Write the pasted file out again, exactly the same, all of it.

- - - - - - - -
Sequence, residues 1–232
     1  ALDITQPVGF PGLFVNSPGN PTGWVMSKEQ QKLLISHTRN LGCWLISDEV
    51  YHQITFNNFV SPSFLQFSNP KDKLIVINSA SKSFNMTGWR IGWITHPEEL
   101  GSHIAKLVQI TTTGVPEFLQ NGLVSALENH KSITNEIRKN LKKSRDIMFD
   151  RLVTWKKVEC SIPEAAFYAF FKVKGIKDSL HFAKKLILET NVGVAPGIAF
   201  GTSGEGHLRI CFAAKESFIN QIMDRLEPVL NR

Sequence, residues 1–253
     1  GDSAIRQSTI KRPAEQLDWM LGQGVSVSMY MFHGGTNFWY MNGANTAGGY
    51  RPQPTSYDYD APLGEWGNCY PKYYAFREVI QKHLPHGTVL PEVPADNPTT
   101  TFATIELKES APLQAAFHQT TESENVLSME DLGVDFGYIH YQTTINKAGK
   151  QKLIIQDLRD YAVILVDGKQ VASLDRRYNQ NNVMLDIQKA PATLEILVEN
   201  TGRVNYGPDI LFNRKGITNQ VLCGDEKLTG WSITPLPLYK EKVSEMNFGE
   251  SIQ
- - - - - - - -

Sequence, residues 1–232
     1  ALDITQPVGF PGLFVNSPGN PTGWVMSKEQ QKLLISHTRN LGCWLISDEV
    51  YHQITFNNFV SPSFLQFSNP KDKLIVINSA SKSFNMTGWR IGWITHPEEL
   101  GSHIAKLVQI TTTGVPEFLQ NGLVSALENH KSITNEIRKN LKKSRDIMFD
   151  RLVTWKKVEC SIPEAAFYAF FKVKGIKDSL HFAKKLILET NVGVAPGIAF
   201  GTSGEGHLRI CFAAKESFIN QIMDRLEPVL NR

Sequence, residues 1–253
     1  GDSAIRQSTI KRPAEQLDWM LGQGVSVSMY MFHGGTNFWY MNGANTAGGY
    51  RPQPTSYDYD APLGEWGNCY PKYYAFREVI QKHLPHGTVL PEVPADNPTT
   101  TFATIELKES APLQAAFHQT TESENVLSME DLGVDFGYIH YQTTINKAGK
   151  QKLIIQDLRD YAVILVDGKQ VASLDRRYNQ NNVMLDIQKA PATLEILVEN
   201  TGRVNYGPDI LFNRKGITNQ VLCGDEKLTG WSITPLPLYK EKVSEMNFGE
   251  SIQ